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Former Butler, PSU LB sharing insights with young players

Barry Reeger/Tribune-Review - Penn State linebacker Tyrell Sales #46 sacks Texas A&M quarterback Stephen McGee #7 during the 2nd quarter of the Alamo Bowl at the Alamodome in San Antonio TX on December 29, 2007. (Barry Reeger/Tribune-Review) (Story Slug: BLR PSUfb 30 9.jpg, goes with Sam Ross Alamo Bowl story intended for publication December 30, 2007)
<div style='float:right;width:100%;' align='right'><em>Barry Reeger/Tribune-Review</em></div>Penn State linebacker Tyrell Sales #46 sacks Texas A&M quarterback Stephen McGee #7 during the 2nd quarter of the Alamo Bowl at the Alamodome in San Antonio TX on December 29, 2007.  (Barry Reeger/Tribune-Review)  (Story Slug: BLR PSUfb 30 9.jpg, goes with Sam Ross Alamo Bowl story intended for publication December 30, 2007)
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Submitted - Former Penn State linebacker Tyrell Sales stands next to his framed No. 46 uniform. Sales is director of sports for Revolution Physical Therapy in Cranberry.
<div style='float:right;width:100%;' align='right'><em>Submitted</em></div>Former Penn State linebacker Tyrell Sales stands next to his framed No. 46 uniform. Sales is director of sports for Revolution Physical Therapy in Cranberry.

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Football may have taken Tyrell Sales around the world, but the Butler native has found his way back home, and he is happy to have the chance to share his football experiences every chance he gets.

Sales is a member of the Seneca Valley High School football coaching staff, and he takes time whenever he can to speak at local camps and share his knowledge with the next group of rising stars.

Sales was a standout linebacker at Butler. He earned several accolades, perhaps the most notable of which was an offer to play football at Penn State University.

In his four years with the Nittany Lions, Sales helped the team win a Big 10 title and play in three bowl games, winning all three.

He went on to play with the Indianapolis Colts in 2009 and the Montreal Alouettes of the CFL in 2010.

The following season, Sales played in the Arena Football League for the Jacksonville Sharks.

Then, he played in Italy before moving on to his current position as the director of sports for locally-based Revolution Physical Therapy in Cranberry.

“I am fortunate to have been all over the world, and with football I now have the opportunity to coach,” Sales said.

“I apply team sports to everything I do (coaching and the business world), and it is cool to be a mentor and show the kids and see how they are able to approach the game.”

During his time as a college and pro player, Sales was around successful programs.

The Colts won the Super Bowl in 2009; the Alouettes won the Grey Cup in 2010, the Sharks won Arena Bowl XXIV in 2011, and his Parma Panthers, a team in Italy, won that country's version of the Super Bowl in what was his final season of football.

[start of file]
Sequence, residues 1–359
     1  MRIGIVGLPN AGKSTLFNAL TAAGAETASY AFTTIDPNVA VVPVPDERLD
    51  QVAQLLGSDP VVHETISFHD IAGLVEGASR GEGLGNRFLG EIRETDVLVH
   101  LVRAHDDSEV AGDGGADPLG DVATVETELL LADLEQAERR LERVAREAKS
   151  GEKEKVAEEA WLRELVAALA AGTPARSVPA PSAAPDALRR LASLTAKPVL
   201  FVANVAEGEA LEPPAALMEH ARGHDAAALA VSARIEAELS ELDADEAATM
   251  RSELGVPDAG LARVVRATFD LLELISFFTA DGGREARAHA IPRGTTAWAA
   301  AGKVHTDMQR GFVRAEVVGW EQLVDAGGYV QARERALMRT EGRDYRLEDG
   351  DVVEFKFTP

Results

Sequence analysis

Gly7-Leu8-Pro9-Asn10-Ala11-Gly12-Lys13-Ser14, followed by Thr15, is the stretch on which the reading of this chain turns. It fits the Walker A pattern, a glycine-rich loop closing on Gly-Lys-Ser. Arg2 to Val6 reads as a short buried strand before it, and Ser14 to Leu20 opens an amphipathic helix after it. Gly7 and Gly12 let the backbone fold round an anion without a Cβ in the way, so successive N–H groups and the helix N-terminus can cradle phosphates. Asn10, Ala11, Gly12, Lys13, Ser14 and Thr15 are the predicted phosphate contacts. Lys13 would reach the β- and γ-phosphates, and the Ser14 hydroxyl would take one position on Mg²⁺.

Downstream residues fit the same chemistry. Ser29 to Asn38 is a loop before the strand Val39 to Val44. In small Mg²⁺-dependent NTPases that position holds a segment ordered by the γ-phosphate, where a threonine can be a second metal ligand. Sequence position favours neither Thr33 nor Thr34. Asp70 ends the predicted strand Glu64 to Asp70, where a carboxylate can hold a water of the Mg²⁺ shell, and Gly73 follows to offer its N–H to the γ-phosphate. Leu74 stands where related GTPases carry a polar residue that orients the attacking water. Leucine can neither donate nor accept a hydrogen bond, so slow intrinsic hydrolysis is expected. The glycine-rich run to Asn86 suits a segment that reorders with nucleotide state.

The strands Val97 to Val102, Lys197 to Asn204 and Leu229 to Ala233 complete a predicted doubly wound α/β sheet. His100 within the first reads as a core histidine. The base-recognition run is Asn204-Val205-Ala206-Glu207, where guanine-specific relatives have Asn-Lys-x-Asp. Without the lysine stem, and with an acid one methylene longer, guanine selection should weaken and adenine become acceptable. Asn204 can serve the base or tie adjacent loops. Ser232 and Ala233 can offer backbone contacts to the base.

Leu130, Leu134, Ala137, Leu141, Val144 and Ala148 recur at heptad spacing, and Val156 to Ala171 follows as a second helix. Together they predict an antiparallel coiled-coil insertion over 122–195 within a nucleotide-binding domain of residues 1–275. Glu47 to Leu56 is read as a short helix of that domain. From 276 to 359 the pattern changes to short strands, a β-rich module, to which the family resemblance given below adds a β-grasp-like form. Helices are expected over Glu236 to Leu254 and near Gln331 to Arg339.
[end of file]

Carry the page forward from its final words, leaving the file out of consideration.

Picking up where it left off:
One message he shares with all the young players he encounters is that it is important to be a student of the game.

“Peyton Manning, Aaron Garcia (quarterback for the Sharks), Anthony Calvillo (from Montreal), are all students of the game, and they all work their tail off,” Sales said. “They set a standard and never want to be outworked.”

His message is positive, and the fact he has been around means something to the young players he is trying to reach.

“Ty has a lot of credibility because he has looked through the facemask,” Seneca Valley football coach Don Holl said.

“He has been there and done that, but what can't be overlooked is his excellent communication skills, plus he is a good teacher. He has a way of presenting stuff in a clear and concise way, and he is diligent about checking up on the players, and he is demanding. He is enthusiastic, and I know he does a great job at his day job as well.”

Sales played with some of the all-time greats in the pros and college. At Penn State he played alongside players such as current NFL standouts Cameron Wake, Paul Posluszny and Navarro Bowman. While he didn't reach the heights of his former teammates, Sales is using what he learned to help the stars of the future reach for their dreams.

Sales knows the value of having someone to look up to close to you, such as fellow Seneca Valley assistant coach and Steelers all-time sack leader Jason Gildon,

“When I was growing up and playing football in the yard and made a tackle, I got up yelling ‘Jason Gildon,'” Sales said.

“I did that more than once. I watched his whole career, and to get to talk ball with him is a great opportunity.”

Sales' job allows him the freedom to coach at Seneca Valley, and he is glad Holl reached out to him.

“This is good for me, I always wanted to give back and wanted to have the opportunity to get involved,” Sales said.

Jerry Clark is a staff writer for Trib Total Media.

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